Exploring the Dark, Mysterious World of Wooden Docks
05/22/2013 54 °F
On Wooden Docks
The tidal change can be severe in the Pacific Northwest. It is not uncommon for the tides vary by fifteen feet or more. Coastal communities have to build tall, beefy docks to counter the tides, which mariners call a hard dock. A hard dock has its structure embedded into the sea floor. The docks have to endure decades of abuse brought on by exposure to salt water, surging tides, docking vessels and wind. Heavy beams soaked in strong water resistant chemicals make up its support structure. The docks are tall, the better to cope with the differences in tide and swell. On the face of dock, they have skinny escape ladders set at intervals. These ladders serve two purposes. They allow a member of a docking vessel to climb on the dock to secure lines. They allow for someone who has fallen in the water a place to escape.
We moored our ship to an old wooden hard dock in the small island community of Alert Bay, British Columbia. On a whim, I put on a life jacket and walked along our rub rail on the dockside of the ship. It was cold, dark, and mysterious. There were large white cauliflower anemones attached just below the low tide water line. Barnacles stuck to everything. Bull Kelp draped from the crossbeams and ladders. The place had a life all of its own.
I quickly retraced my steps and grabbed my camera. The angles of the beams, the swirling water and life forms intrigued me. It was difficult to shoot one handed while hanging on to the lifeline with the other, but well worth the effort.
I was inspired. I began to explore some of the other docks of the ports we frequent. I remembered my visits to Astoria, Oregon whose wooden wharves and docks run the length of town. What other treasures could I find down there?
Wooden docks have character. I like the angled beams. Look at the hidden artistry that goes into each beam. The master builders have done well. The longevity of these docks is a test to their ability.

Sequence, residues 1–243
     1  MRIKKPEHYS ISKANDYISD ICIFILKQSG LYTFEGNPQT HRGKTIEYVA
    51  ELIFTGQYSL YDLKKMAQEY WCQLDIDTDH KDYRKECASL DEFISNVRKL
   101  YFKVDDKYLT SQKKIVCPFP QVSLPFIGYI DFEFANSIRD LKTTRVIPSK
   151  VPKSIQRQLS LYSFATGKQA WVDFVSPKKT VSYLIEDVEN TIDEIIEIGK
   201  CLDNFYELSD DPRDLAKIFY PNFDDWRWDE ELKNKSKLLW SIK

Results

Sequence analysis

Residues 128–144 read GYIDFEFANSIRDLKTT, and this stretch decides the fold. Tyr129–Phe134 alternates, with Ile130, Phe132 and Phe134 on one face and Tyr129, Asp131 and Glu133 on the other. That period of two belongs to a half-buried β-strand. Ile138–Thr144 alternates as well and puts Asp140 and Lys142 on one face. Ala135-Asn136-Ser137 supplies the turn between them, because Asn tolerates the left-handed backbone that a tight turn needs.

I’m beginning to see a reoccurring theme to my nautical pieces. I love the lore of the sea as much as the sea itself.
Have you ever gone for a stroll on a wooden dock? The thumping sound of feet on the old wood rings true. It sounds like a heartbeat, but it is just one small sound of the orchestra. Go for a walk in an old marina early on a Sunday morning. Listen to the distant calls of gulls, ravens, and eagles. Hear the sound of lapping water against the hulls of the moored vessels. Smell that salty air. Feel that cool air on your face. Mooring lines creak as they take strain against the ship. Look at the old vessels - see if you can find a wooden hulled ship. There is probably a fisherman quietly gearing up for the day. Say hello to the harbor cat as you pass by. Walk to the end of the wharf and look out at the distant sea. Sip your hot coffee.
Coastal towns thrived because of good harborages and docks. If you look at the layout of most ports, you will often find, ““Market Street.” or “Water Street.” These streets had bustling markets and often became the business district. That is because of the dock, and the importance of trade via water.
This is just the beginning to my explorations of these wonderful structures. I’m surprised I haven’t given them much thought before this, but I inspiration strikes as it will.
As I’ve been working on this piece this week, Alaska has ripped open a bag of beautiful views and has thrown them all over the place. I’m sitting on some of the most gorgeous pictures I have to show you the underside of some old, dirty docks. Now that’s good blogging practice! Look for these photos and accompanying words within the week.